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Rubber Hits The Road For MoveOn/AFL-CIO Partnership

October 10, 2010

By Joe Maniscalco

Already important to Barack Obama's re-election bid prior to his shockingly poor performance against Republican rival Mitt Romney at the first presidential debate, the MoveOn/AFL-CIO campaign partnership to help re-elect the president may have just gotten a whole lot more significant now that the race has morphed into a "turnout election."

"As November 6 approaches and the polls tighten, this has turned into a turnout election," Political Action Director Adam Ruben said. "Whichever side can mobilize its base is going to win. That's why the MoveOn/Workers' Voice partnership is so important."

Cruising along in August when the partnership between the AFL-CIO's Workers' Voice and was first announced, the incumbent now finds himself at best running neck-and-neck with a candidate even his own right-wing party hasn't been very excited about. A recent Pew poll even has the president trailing Romney by a few percentage points.

"People are very distressed," MoveOn/AFL-CIO volunteer Martha Rowan told LaborPress. "But if anything, I think it's made people even more determined to work to get the president re-elected."

Rowan, a retired teacher and member of the UFT, hosts weekend call parties at her home in Brooklyn Heights as part of the MoveOn/AFL-CIO partnership's grassroots effort to re-elect President Barack Obama. The coalition pools together both MoveOn and the AFL-CIO's massive reservoirs of potential volunteers and asks them to help specifically target on-the-ground campaign efforts in all-important swing states like Colorado, Florida and Ohio.

"MoveOn members are really eager to get out there and help," Rowan said. "And when I tell people that it's AFL-CIO, in some cases, that seems to motivate them even more. I think there's a strong feeling that we need to work for workers."

The Brooklyn volunteer estimates that the MoveOn/AFL-CIO partnership creates a pot of almost 20 million volunteers which can be called upon to help execute door-to-door voter canvassing drives ahead of the November 6 Presidential Election.

"We're hoping to make 1.5 million calls and get huge numbers of people out," Rowan said. "Our phone parties have been very successful."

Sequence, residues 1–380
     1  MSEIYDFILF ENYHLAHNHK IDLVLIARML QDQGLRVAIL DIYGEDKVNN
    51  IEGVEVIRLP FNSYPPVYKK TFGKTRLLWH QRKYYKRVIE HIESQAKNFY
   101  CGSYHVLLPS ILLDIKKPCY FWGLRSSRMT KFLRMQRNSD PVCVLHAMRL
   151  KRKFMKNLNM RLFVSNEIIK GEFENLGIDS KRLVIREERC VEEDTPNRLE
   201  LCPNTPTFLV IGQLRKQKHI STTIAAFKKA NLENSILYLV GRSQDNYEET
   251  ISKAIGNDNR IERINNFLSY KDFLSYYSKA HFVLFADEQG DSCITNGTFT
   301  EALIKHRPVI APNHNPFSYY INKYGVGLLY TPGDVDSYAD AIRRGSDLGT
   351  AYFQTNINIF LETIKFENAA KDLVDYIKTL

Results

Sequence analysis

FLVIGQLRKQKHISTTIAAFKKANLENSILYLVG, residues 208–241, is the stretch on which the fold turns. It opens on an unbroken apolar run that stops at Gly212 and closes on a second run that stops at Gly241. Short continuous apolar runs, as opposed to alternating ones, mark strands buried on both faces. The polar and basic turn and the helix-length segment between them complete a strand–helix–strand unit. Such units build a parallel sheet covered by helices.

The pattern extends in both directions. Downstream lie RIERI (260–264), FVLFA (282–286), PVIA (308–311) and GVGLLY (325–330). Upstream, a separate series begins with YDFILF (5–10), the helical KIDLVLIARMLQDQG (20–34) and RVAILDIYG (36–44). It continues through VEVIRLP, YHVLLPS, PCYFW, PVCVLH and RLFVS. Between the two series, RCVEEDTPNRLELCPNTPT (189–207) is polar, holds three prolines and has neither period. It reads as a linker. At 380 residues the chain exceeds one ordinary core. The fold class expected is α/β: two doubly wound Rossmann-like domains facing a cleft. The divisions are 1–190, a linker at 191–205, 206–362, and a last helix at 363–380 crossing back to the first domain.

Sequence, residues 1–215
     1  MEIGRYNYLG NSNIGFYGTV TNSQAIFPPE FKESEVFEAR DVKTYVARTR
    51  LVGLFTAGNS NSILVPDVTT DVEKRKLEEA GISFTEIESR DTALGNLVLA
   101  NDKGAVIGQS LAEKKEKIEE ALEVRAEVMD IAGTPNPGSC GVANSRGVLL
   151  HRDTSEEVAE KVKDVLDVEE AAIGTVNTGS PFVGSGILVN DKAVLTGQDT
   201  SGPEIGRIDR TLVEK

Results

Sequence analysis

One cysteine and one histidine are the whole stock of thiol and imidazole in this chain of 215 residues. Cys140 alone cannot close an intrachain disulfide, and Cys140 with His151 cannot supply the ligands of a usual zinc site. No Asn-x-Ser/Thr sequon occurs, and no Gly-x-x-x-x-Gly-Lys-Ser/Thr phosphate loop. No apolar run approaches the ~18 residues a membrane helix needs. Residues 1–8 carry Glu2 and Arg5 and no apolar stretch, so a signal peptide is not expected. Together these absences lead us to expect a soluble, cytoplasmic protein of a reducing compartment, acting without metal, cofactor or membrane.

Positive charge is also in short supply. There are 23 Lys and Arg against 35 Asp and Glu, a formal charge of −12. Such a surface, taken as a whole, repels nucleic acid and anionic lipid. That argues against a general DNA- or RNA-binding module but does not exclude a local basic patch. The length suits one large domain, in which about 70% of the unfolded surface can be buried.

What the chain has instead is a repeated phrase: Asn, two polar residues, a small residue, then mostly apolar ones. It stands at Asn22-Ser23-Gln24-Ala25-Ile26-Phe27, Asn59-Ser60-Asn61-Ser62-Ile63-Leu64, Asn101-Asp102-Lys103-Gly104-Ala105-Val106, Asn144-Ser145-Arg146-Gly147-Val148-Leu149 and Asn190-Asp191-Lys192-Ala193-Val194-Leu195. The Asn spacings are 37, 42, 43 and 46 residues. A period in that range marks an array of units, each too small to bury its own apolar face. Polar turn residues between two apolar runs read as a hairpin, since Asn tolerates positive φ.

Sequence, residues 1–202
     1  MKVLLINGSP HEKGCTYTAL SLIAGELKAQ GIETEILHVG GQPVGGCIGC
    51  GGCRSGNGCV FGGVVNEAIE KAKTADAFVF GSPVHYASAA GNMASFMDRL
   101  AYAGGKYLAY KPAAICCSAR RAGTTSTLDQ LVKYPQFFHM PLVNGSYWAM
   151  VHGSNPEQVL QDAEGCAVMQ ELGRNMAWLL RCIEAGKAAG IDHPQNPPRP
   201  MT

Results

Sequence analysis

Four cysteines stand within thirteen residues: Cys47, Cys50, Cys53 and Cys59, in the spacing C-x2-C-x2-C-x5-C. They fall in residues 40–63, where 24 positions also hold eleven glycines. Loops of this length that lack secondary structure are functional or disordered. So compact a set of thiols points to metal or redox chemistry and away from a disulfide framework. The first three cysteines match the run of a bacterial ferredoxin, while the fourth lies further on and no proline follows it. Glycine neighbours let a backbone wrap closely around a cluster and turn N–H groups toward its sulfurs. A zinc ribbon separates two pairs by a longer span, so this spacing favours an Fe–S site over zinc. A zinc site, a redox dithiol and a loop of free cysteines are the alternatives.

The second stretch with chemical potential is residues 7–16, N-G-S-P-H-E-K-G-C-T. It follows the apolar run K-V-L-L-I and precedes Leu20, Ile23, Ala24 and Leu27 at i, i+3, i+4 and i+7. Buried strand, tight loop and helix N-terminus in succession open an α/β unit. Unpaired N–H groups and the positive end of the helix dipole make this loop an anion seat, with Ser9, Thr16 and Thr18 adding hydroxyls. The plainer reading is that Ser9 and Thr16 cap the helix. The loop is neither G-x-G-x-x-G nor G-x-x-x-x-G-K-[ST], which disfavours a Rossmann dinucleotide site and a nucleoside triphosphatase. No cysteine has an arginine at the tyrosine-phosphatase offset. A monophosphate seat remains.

AFL-CIO President Richard Trumka called the nationwide effort to mobilize volunteers on behalf of Barack Obama "kryptonite to the radical right wing agenda" when the MoveOn/AFL-CIO partnership was originally announced.

“We’ll be breaking through the noise of misleading ads paid for by wealthy special interests, and letting voters hear from the people they trust most on the economic issues they care about," Trumka said. "That’s how working families will win this election and lift up the middle class.”

Like Rowan, Ft. Worth, Texas psychoanalyst Kit Jones has also been hosting call parties in her hometown as part of the MoveOn/AFL-CIO partnership. And despite the president's lackluster debate performance and living in a so-called "red state," Jones remains enthusiastic.

"We are redoubling our efforts to keep the right man in office," Jones said. "And we do seem to get good results when we get hold of folks."

Rowan's "Voters Rising" call parties have been averaging between 17 and 20 participants each time they've been held. She also hosted similar parties in 2008, which ultimately helped make Senator Barack Obama the 44th President of the United States of America.

"I keep hearing about how people are not as motivated as they were in 2008, and that may be so," Rowan said. "But the people that I see are very motivated."
From the outset, Workers' Voice Executive Director Mike Podhorzer also promised that the coalition would combine "old fashioned energy with cutting edge technology" to help defeat Romney's billionaire-funded bid for the White House. That rhetoric is now being put to the test.

"We are the largest independent voter turnout operation in the country this year, pairing MoveOn's expertise in using technology to mobilize activists with the labor movement's grassroots presence and organizing know-how," Ruben said. "Together, we're organizing volunteers in key swing states to knock on doors and talk with voters about what's at stake in this election."

Unfortunately, the president's own debate performance, in which he somehow allowed Romney to backtrack previously held positions with impunity, hasn't helped the cause.

"I was absolutely stunned that the president didn't address any of that," Rowan said. "But I'm sure President Obama will do much better in the next debate [on October 16]."

But helping to keep President Barack Obama in the White House isn't the only thing that volunteers like Rowan and Jones hope the MoveOn/AFL-CIO partnership ultimately achieves.

"I think it's really important to be able to hold the president's feet to the fire," Rowan said. "The are areas where I am not 100-percent happy with this administration, and the Democratic Party in general. And I think the the Democratic Party has a history of disrespecting its base. So, I think it's really important to have a strong organization that will fight for workers' rights, for the poor, and for programs designed to bring people up into the middle class."

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